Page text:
“Twenty years from now you will be more disappointed by the things you didn’t do than by the ones you did do. So throw off the bowlines, sail away from the safe harbor. Catch the trade winds in your sails. Explore. Dream. Discover.” – Mark Twain
Weekday mornings I wake up listening to the Breakfast of Champions morning show on MIT’s venerable WMBR. Every morning I hear something new. And at least a few times a week I hear something new I really like. I make mental notes and later, at the office, I fire up Spotify (or MOG), locate the songs I heard earlier, and add them to a playlist. I then use these newly found artists and songs as seeds for radio-style streaming—where I then discover even more new music. The stuff I really like I try to find on Bandcamp so I can download quality files (and give the artists a few extra pennies).
Rinse. Wash. Repeat.
This is hardly abnormal behavior. I therefore can’t help but view George Howard’s post for Forbes—Why Music Services Are Wasting Time Recommending New Music—as one of the most unimaginative (and inhuman!) takes on music discovery I’ve ever read.
Forget unpopular, Mr. Howard, your points simply lack merit.
1. “This shouldn’t be surprising; we’re not really predisposed to want anything new.”
Huh? Mr. Howard trots out the classic Henry Ford line: “If I had asked people what they wanted, they would have said faster horses.” It’s a common tool in the marketer toolkit. But Mr. Howard misapplies the idea to music and has put the cart on the wrong side of Ford’s horse. Instead of saying we don’t want anything new, it’s more accurate to say that we often don’t know what new music is if we’ve been listening to nothing but REM for 20 years. Like the Ford scenario, once people are shown something new, they will flock to it—if it scratches an itch. It’s sometimes hard to know what we want. That does not mean we don’t want. I had no idea I needed to tell anyone that would listen about The Avalanches’ Since I Left You album until I discovered it a few weeks ago (some 14 years after its release).
And Mr. Howard ought to remember another classic marketing idiom: “The best way to kill a bad product is great advertising.” Yes, an artist’s cajoled network may become valuable early adopters and ultimately advocates and marketers on their behalf. But if the music isn’t any good, nobody will listen. Part of what makes online music discovery so pleasing is that it removes marketers from the equation—greatly improving the signal to noise ratio.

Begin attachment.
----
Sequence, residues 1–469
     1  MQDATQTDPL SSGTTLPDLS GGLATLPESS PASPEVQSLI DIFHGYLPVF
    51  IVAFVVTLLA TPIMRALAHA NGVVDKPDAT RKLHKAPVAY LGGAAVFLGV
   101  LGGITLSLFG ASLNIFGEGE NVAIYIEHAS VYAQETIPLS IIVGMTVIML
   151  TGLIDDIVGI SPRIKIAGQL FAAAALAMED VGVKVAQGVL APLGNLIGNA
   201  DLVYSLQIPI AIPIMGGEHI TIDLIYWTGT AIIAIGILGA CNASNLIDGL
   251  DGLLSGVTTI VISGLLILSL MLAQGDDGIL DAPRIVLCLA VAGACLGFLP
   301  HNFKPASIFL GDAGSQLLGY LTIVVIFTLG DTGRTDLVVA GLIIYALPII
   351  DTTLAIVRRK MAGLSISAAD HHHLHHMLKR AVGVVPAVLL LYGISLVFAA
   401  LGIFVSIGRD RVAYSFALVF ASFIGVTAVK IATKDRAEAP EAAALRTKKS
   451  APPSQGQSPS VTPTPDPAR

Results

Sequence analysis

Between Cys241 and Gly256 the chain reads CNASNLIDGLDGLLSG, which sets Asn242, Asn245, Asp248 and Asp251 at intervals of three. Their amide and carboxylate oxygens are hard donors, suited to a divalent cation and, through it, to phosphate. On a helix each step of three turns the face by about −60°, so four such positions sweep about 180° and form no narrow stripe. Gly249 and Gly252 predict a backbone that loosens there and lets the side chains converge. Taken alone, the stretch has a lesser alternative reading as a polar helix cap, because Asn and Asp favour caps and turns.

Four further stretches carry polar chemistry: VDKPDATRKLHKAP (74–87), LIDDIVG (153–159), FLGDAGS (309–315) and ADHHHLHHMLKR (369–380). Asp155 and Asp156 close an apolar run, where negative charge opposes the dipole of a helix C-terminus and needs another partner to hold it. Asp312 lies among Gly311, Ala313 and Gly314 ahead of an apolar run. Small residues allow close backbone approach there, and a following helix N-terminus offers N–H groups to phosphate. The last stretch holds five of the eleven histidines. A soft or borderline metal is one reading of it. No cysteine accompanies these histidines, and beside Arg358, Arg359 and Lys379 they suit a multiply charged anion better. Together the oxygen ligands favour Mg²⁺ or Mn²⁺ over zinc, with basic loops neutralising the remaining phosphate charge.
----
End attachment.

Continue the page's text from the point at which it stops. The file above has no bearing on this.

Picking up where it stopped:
2. “Why bother with new music that approximates something you already like when you can just stick with something you know you like, and thus reduce any risk of being disappointed.”
Wow. Should we all be riding horses on this vanilla journey? And eating the same thing for dinner every night? There’s a stunning lack of imagination on display here.
Leading up to his point, Mr. Howard states that constant contextualization creates unreasonable standards. But If you’ve ever used an online music discovery service—or listened to an independent radio station—you know the metadata re: this artist is “sort of like [X], but with a bit of [Y]” is not typically a significant part of the experience. Technology (i.e., The Echo Nest) and humans (when it comes to quality terrestrial radio and services like Pandora) formulate the connections between artist A and artist B behind the scenes. Listeners are, in fact, more or less free from the contextualization process that Mr. Howard sees as such a massive roadblock.
3. “Quick: think about your favorite band/song. Chances are it’s an artist/song that you formed your affinity for during your teenage years.”
Nope. But, yes, there are indeed a lot of people like this. Many friends listen to few things outside of the late 80s/early 90s indie rock cannon. But it’s not everyone! Are chefs content to prepare the same favorite dish every day? Do artists only visit their favorite museum? Do hikers crave the same trail over and over? Of course not. Human nature is to explore and seek out new experiences.
And there’s a need to try and push culture forward. Standing pat may (unfortunately) be too common, but it doesn’t mean services that support music discovery are wasting their time! The people that seek out my band’s Facebook page to tell us they discovered us on Pandora—they’re real! (And they buy albums!) But once again, it sounds like Mr. Howard is telling us we would all be much happier with a larger stable of horses.
4. “So much time and energy is being wasted by music services trying to compel people to break out of their listening habits and try something new, when people don’t want to do this, and, in fact, appear to be hard-wired to not do this.”
Really? Humans are hard-wired to explore. Period. If some are stuck in their music habits and can’t be bothered to listen to anything beyond the REM they fell in love with as a teenager, fine. But that doesn’t mean there isn’t a population of people looking to find something new. To explore and discover. These people have imaginations! And they see technology as means to help evolve and disrupt habits—not maintain old ones.
Thankfully such technology exists. As do real-deal DJs curating quality musical experiences each and every morning.
There’s an audience too.
And that’s just horse sense.